New analysis from ComRes shows voters could shift their allegiances to Labour, the Liberal Democrats and the SNP in the backlash. Tory MPs told the Telegraph the future of their party is “diabolical” and that voters had described the Westminster elite as “w*****s’. Local election officers have allegedly received calls asking what the point of voting is after Brexit was delayed again.
If a vote was held tomorrow, the poll suggests Labour would win 290 seats versus the Conservative’s 277.
Jeremy Corbyn would have to reach out to the SNP to prop up a minority Government.
Prominent Brexiteers including former Tory Leader Iain Duncan Smith and outspoken European Research Group member Andrea Jenkyns could face losing their seats.
Others in the firing line include Northern Ireland Secretary Theresa Villiers and Eurosceptic Zac Goldsmith, who has just a 15 percent chance of holding his seat.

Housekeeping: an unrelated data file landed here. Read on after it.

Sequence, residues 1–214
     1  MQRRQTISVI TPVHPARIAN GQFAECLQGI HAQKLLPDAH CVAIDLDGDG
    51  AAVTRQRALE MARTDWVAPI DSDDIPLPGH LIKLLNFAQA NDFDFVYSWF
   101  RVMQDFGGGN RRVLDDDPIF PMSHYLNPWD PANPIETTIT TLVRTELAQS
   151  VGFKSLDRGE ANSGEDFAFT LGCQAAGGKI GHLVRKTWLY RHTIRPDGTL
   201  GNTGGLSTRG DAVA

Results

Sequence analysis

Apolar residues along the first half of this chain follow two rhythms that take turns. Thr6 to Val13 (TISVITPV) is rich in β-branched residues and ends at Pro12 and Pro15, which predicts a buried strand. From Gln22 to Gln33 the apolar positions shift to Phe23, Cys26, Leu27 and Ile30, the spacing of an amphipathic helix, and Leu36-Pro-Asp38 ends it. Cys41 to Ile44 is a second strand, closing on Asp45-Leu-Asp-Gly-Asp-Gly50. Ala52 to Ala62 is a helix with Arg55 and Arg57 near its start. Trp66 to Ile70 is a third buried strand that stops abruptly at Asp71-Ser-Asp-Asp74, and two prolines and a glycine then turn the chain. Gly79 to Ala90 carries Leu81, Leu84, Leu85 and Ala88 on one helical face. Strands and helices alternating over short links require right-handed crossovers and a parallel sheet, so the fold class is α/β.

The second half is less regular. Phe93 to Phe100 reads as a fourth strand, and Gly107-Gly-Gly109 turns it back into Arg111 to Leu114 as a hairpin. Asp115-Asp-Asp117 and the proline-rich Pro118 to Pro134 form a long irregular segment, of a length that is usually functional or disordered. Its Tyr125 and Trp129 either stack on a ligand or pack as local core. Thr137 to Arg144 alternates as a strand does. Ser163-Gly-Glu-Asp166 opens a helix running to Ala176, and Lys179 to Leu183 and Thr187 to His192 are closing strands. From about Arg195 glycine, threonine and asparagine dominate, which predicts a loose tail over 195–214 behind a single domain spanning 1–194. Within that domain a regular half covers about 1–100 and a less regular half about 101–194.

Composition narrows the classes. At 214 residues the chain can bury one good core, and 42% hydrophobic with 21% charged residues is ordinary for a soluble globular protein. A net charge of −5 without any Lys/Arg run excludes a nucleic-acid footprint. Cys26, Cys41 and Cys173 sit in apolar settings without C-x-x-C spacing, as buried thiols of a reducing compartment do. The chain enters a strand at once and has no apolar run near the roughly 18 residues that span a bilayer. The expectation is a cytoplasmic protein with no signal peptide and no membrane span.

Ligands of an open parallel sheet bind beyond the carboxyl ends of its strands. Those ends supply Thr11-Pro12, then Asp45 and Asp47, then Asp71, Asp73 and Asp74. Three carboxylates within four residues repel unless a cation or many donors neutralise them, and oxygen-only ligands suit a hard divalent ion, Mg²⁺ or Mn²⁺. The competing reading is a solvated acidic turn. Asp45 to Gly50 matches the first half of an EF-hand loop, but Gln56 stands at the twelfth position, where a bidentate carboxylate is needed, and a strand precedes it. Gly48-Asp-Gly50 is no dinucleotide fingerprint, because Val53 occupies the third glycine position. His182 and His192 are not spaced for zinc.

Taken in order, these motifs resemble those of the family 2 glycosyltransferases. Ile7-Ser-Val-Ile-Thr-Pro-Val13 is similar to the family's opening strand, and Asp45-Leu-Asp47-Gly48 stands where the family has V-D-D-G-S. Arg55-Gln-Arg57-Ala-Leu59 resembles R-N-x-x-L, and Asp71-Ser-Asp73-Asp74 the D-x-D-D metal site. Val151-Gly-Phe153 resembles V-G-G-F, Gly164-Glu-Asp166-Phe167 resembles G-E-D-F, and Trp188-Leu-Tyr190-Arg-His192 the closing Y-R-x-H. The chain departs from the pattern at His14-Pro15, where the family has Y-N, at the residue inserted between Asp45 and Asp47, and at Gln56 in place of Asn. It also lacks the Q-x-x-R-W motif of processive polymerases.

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Meanwhile, voters are threatening to boycott the local and European elections over the UK’s delayed departure from the EU.
A Conservative grassroots backlash against Theresa May has pushed Labour up 28 seats and the Liberal Democrats up three, according to the regression analysis, which calculates the seat where incumbents have less than 50 percent chance of hanging onto their seat.
ComRes found that 24 percent of 2017 Tory voters intend to vote for the Brexit Party at the next General Election.
Meanwhile, 35 percent intend on voting for Nigel Farage’s fledgling party in the upcoming European Elections.
Chairman of ComRes Andrew Hawkins said: “The dilemma for Brexit-supporting Conservative voters is that by abandoning the Rory Party they risk enhancing the electoral prospects of left-wing and Remain candidates.”
Founder of another polling organisation Electoral Calculus said: “The two big parties have never been in such jeopardy.”
ConRes identified 48 Conservative constituencies at risk, as well as 32 Labour constituencies, six LibDem and 10 SNP.
Fifteen of the 21 most vulnerable seats voted Leave.
These data come after Electoral Calculus identified seven voting “tribes” ranging from hard-left Marxists to pro-Trump nationalists.